• Differentiate roles from persons while making leveling decisions
  • It is often easy to mix up the role and the person, because the person often defines the role. While this is true to quite an extent, it is more so at the top of the organization than for the roles below. Understanding the role and determining the level fit should be step 1. Rewarding an individual based on their portfolio of career experiences is next, for which there should be broader salary ranges. Finally, not succumbing to their title request (or demand) comes last. If the person is truly worth it, degrees of freedom should be defined for titles within that role, but if each individual demanding a VP title is given that for lower-level roles, then the vicious cycle of an expanding VP level will never cease. 

  • Differentiate performance and invest in your HiPo’s
  • Through level and title correction exercises, anomalies are identified and corrected. Often times these corrections are applied across the board. The key is to differentiate talent and performance well and reward the HiPo’s, manage the solid Bs while not giving away everything by spreading it evenly. The importance of talent review processes done well cannot be emphasized enough as a key to success.

Dont’s

  • Promote people in order to pay them what you think they should be paid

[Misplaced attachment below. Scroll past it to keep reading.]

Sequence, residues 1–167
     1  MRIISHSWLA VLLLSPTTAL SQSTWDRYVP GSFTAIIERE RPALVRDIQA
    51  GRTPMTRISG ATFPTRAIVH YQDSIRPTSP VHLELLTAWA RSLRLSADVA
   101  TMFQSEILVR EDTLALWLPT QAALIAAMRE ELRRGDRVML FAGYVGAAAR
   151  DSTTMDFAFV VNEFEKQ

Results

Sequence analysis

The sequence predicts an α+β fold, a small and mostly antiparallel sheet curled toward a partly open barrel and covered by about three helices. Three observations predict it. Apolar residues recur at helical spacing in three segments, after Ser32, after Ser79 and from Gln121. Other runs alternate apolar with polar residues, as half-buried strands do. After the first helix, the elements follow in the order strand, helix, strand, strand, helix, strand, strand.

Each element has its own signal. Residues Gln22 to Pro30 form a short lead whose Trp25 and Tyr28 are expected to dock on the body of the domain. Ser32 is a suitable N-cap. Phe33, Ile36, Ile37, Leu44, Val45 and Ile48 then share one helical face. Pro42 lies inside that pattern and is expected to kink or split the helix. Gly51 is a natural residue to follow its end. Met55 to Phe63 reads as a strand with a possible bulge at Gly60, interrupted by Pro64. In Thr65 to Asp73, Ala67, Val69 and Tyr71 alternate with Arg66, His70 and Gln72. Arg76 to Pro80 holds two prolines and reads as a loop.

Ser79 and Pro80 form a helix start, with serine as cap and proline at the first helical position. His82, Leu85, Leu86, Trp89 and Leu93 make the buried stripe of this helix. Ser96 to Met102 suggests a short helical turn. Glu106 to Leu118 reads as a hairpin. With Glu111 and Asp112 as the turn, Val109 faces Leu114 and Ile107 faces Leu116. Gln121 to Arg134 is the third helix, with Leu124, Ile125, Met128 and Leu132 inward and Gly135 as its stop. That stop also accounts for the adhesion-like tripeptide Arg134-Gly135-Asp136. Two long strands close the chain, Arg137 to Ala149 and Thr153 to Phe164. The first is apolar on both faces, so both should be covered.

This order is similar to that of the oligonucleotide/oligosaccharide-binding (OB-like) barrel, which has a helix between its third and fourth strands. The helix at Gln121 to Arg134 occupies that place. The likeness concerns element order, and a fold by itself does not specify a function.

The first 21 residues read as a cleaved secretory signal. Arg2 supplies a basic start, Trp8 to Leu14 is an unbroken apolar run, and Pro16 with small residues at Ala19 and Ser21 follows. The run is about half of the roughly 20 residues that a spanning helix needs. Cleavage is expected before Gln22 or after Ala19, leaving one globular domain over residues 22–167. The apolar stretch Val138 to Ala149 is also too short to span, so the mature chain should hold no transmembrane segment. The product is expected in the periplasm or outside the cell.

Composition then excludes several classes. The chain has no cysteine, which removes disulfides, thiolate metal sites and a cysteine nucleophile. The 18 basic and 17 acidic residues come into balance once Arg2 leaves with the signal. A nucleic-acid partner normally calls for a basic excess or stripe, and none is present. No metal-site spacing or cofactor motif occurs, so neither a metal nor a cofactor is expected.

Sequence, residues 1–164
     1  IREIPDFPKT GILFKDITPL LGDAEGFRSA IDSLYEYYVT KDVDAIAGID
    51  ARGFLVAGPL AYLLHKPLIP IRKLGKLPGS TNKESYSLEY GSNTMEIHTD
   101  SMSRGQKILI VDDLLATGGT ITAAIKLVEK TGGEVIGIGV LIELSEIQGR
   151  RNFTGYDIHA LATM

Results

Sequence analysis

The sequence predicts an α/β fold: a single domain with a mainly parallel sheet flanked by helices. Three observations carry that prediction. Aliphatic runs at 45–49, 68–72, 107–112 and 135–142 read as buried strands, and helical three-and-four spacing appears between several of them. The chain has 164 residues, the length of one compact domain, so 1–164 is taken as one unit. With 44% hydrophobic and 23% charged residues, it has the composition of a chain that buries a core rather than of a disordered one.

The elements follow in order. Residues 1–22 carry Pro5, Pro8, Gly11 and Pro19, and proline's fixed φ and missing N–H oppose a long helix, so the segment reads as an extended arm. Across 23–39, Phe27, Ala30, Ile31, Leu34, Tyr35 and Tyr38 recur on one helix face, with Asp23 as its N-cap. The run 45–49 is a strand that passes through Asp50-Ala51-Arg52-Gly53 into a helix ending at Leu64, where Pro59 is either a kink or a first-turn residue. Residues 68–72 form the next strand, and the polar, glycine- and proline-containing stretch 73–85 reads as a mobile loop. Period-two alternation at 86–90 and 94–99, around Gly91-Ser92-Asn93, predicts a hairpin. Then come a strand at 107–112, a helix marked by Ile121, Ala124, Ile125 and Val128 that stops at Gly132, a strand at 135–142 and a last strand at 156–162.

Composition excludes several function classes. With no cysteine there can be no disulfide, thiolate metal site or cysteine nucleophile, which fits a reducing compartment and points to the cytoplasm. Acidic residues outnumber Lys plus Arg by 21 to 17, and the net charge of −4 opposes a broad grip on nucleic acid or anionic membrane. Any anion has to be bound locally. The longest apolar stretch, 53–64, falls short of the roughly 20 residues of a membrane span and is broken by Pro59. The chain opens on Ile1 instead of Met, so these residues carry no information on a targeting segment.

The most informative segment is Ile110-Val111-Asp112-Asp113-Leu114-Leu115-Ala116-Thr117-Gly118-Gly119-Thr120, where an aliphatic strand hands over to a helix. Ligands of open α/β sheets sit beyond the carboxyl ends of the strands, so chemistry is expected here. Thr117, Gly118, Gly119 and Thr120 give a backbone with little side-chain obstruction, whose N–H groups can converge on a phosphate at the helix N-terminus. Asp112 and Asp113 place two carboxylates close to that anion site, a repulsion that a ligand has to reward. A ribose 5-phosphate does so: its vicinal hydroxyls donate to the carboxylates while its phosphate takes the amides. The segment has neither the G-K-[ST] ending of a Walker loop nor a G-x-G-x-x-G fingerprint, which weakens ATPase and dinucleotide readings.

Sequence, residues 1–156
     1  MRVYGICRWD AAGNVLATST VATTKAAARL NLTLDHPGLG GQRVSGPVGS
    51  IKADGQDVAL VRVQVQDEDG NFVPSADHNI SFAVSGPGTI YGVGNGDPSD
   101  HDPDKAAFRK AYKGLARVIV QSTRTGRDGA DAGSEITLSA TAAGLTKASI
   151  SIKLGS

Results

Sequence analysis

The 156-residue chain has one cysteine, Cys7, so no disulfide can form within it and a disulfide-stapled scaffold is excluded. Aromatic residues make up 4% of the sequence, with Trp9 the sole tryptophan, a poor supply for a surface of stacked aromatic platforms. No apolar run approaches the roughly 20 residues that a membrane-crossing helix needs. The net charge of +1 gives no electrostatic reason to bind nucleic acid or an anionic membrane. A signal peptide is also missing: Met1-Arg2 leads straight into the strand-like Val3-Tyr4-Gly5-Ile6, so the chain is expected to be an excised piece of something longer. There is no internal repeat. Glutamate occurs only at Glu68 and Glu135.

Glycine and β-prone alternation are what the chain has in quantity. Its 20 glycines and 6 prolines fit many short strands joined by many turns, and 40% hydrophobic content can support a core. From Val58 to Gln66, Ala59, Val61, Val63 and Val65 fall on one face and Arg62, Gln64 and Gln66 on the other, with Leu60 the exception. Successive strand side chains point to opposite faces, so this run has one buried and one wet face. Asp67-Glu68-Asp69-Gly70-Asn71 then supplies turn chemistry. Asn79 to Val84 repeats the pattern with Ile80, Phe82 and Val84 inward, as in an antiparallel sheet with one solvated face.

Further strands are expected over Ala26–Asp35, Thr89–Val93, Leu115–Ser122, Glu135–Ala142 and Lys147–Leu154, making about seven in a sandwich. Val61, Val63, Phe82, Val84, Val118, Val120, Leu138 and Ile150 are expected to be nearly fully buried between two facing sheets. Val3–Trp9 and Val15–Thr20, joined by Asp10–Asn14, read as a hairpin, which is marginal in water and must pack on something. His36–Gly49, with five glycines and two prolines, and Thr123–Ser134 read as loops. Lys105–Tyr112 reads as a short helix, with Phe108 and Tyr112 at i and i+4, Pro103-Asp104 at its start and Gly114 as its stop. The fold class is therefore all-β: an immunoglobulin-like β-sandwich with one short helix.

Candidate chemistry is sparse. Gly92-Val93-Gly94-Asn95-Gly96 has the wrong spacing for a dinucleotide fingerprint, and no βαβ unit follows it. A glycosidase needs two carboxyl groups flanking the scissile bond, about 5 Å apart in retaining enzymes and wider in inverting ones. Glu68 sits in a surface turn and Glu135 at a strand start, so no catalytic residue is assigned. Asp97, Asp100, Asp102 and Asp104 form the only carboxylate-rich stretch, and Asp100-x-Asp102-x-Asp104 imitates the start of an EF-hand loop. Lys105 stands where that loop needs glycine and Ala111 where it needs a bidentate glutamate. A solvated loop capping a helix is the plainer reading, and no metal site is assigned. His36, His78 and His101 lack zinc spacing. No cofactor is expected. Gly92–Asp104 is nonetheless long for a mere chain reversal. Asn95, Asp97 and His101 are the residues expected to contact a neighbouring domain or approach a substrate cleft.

• More often than not, managers find themselves bound within the confines of narrow salary ranges and bonus targets and then in order to give the employee the right reward from a pay standpoint find out ways to justify why they should be promoted. This is just bad practice and needs to be avoided. First, the role should have increased significantly in terms of responsibilities to justify it being at the next higher level. Secondly, the individual through a talent review process should have demonstrated performance and competence to be in that role and only then should a promotion take place.

  • Let your managers not be accountable in letting people know where they stand on individual performance
  • The intellectual debate around performance ratings seems to have died down for a while. There was never any doubt that frequent feedback is good for the employee, but the question remains-does the employee get frequent feedback? Do they get genuine constructive feedback? Or is it that the managers, afraid to lose their talent or look bad are still playing nice? As long as employees are not aware of where they stand on their performance, there will be noise and internal inequity as the ‘squeaky wheel’ continues to make the loudest noise and be heard.

  • Be afraid
  • People choices are the most critical choices. For fear of losing the candidate when organizations ‘give in' to seemingly high demands of the candidate, they do themselves more harm than good. No doubt if the candidate is truly worth it and deserves the title and pay, they should get it, but often the bar drops low and the rewards get handed out too quickly. The hidden costs of bringing a more status/title conscious candidate perhaps without the right attitude and the impact on existing employees are often not looked into because they do not seem tangible. In retrospect, these cause more damage than good.

This is a dynamic sector which will only see more talent opportunities and challenges in the years to come. Setting the HR processes and approaches right from the beginning will be the key to success, not just for the organization itself but the industry as a whole.

 

Tonushree Mondal is talent, culture, and leadership consultant for her company Tonushree Mondal.